Energy Savings Tips for Small Businesses
If you ask small business owners to name their number one expense, many will give you the same answer: Energy. ENERGY STAR estimates that small businesses across the nation spend more than $60 billion a year on energy.
That means if you want to save costs at work, one of the best ways t is to make changes that relate to office energy use. By looking at your company’s energy consumption one area at a time, it will help to make the process of saving on small business energy costs a little more manageable. Let’s first look at heating, ventilation and air condition systems (known as HVAC).
Ways to save energy at work: Where you can save
The U.S. Small Business Administration estimates that heating, ventilation and air conditioning systems account for about 40% of the electricity used in commercial buildings. Some of our energy savings tips for businesses can help you manage costs for both heating and cooling.
The first step is to look at the overall ambient needs and uses of your office. Asking yourself (and your staff) some of these questions can be a good way to get information that will help you choose the best ways to save energy at work:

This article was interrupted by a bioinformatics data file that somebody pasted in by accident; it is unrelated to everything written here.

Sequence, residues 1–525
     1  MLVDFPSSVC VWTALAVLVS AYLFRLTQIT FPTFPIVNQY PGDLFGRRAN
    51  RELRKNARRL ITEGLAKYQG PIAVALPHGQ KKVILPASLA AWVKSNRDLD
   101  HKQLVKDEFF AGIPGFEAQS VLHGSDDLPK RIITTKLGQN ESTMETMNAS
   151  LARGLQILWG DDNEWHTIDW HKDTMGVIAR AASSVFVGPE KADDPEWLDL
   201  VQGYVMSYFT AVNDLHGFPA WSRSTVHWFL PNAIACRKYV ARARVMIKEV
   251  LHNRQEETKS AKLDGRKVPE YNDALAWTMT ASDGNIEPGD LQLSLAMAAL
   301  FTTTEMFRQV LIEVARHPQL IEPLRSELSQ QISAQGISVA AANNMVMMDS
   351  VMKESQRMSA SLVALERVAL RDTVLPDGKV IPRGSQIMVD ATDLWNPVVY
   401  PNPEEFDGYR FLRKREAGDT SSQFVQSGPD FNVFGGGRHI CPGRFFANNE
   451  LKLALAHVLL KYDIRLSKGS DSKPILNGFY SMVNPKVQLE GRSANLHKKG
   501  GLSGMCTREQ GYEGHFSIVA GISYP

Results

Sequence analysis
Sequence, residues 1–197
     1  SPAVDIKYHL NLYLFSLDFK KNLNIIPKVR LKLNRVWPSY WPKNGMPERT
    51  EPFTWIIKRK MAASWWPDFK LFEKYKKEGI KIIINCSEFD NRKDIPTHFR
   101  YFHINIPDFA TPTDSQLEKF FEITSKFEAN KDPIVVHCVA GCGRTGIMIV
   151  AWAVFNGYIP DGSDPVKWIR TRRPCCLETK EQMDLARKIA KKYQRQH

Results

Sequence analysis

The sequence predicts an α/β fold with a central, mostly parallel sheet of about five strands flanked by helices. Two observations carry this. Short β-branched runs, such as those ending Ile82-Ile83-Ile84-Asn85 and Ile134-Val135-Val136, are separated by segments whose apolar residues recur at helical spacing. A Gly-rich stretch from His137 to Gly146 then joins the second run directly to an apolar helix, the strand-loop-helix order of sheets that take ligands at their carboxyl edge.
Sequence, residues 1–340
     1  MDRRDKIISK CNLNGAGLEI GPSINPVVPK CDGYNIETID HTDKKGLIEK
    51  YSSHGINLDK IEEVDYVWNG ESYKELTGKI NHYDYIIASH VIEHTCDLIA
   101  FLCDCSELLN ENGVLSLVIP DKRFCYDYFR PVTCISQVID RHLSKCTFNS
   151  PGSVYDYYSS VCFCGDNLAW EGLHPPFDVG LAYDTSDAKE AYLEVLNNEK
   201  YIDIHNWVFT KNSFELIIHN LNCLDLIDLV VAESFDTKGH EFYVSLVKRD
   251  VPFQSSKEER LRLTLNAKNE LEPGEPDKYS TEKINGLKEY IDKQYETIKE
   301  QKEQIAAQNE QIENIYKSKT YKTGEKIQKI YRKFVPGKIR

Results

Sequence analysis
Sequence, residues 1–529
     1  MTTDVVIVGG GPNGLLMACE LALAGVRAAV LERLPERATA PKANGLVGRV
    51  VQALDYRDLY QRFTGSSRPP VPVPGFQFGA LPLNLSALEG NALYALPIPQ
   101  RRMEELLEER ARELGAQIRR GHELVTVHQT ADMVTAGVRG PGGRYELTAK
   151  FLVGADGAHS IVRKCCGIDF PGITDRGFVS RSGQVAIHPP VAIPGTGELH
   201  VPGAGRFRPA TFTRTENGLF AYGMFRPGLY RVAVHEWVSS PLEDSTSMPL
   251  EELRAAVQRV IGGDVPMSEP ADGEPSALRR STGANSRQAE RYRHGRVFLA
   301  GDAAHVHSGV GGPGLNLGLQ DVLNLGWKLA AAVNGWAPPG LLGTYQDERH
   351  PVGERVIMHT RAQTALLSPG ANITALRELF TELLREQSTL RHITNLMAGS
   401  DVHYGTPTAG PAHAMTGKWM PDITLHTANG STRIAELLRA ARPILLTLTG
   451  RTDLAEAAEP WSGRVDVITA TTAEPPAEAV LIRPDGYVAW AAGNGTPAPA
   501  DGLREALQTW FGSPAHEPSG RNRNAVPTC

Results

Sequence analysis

- Is the heat always on during the winter? Are there times when it can, at the very least, be operated at a lower temperature, if not turned off entirely?
- Is the air conditioner always on during the summer? Same as with heat: Consider increasing the temperature few degrees or turning the AC off when the office is closed.
- Are your employees interested in lowering their company’s carbon footprint? Participating in a group energy project can be a team-builder, especially if some of the savings are passed on to the company and the employees benefit in some way.
- Have you done an energy audit? An energy audit can help determine your baseline energy use and offer a clear outline for ways to save energy at work. Many utilities offer free audits, as do other companies. The key is to pick a reputable one.
Energy Savings Tips for Businesses: HVAC system maintenance
Assuming you’ve done the energy audit and are ready to make some changes, here are ideas for how to save energy in your office:
- Eliminate heating/cooling loss. One of the easiest ways to save energy at work is to look for the places heat (or air conditioning) can escape. There’s no point in paying to heat or cool the outdoors! Check windows and doors for leaks.
If you have an energy audit, the auditor will detect leaks. If you’re doing this yourself, do a thorough walk-through of your building. Hold a piece of paper in front of windows and doors. Don’t forget about ceiling spaces. If you’re in in old building, walk around the outside of the building as well and look for cracks and broken mortar. Think about how people enter the building. Is there a different entrance or door mechanism that could reduce the amount of energy that escapes? Consider window upgrades or caulking.
- Install programmable thermostats. These enable you to reduce the temperature when no one is around. You can also run the equipment at off-peak times, potentially using your heating energy at a time when the cost is lower. Keeping your office temperature one degree lower in the winter and one degree higher in the summers can reduce the power your HVAC system uses by up to 10 percent.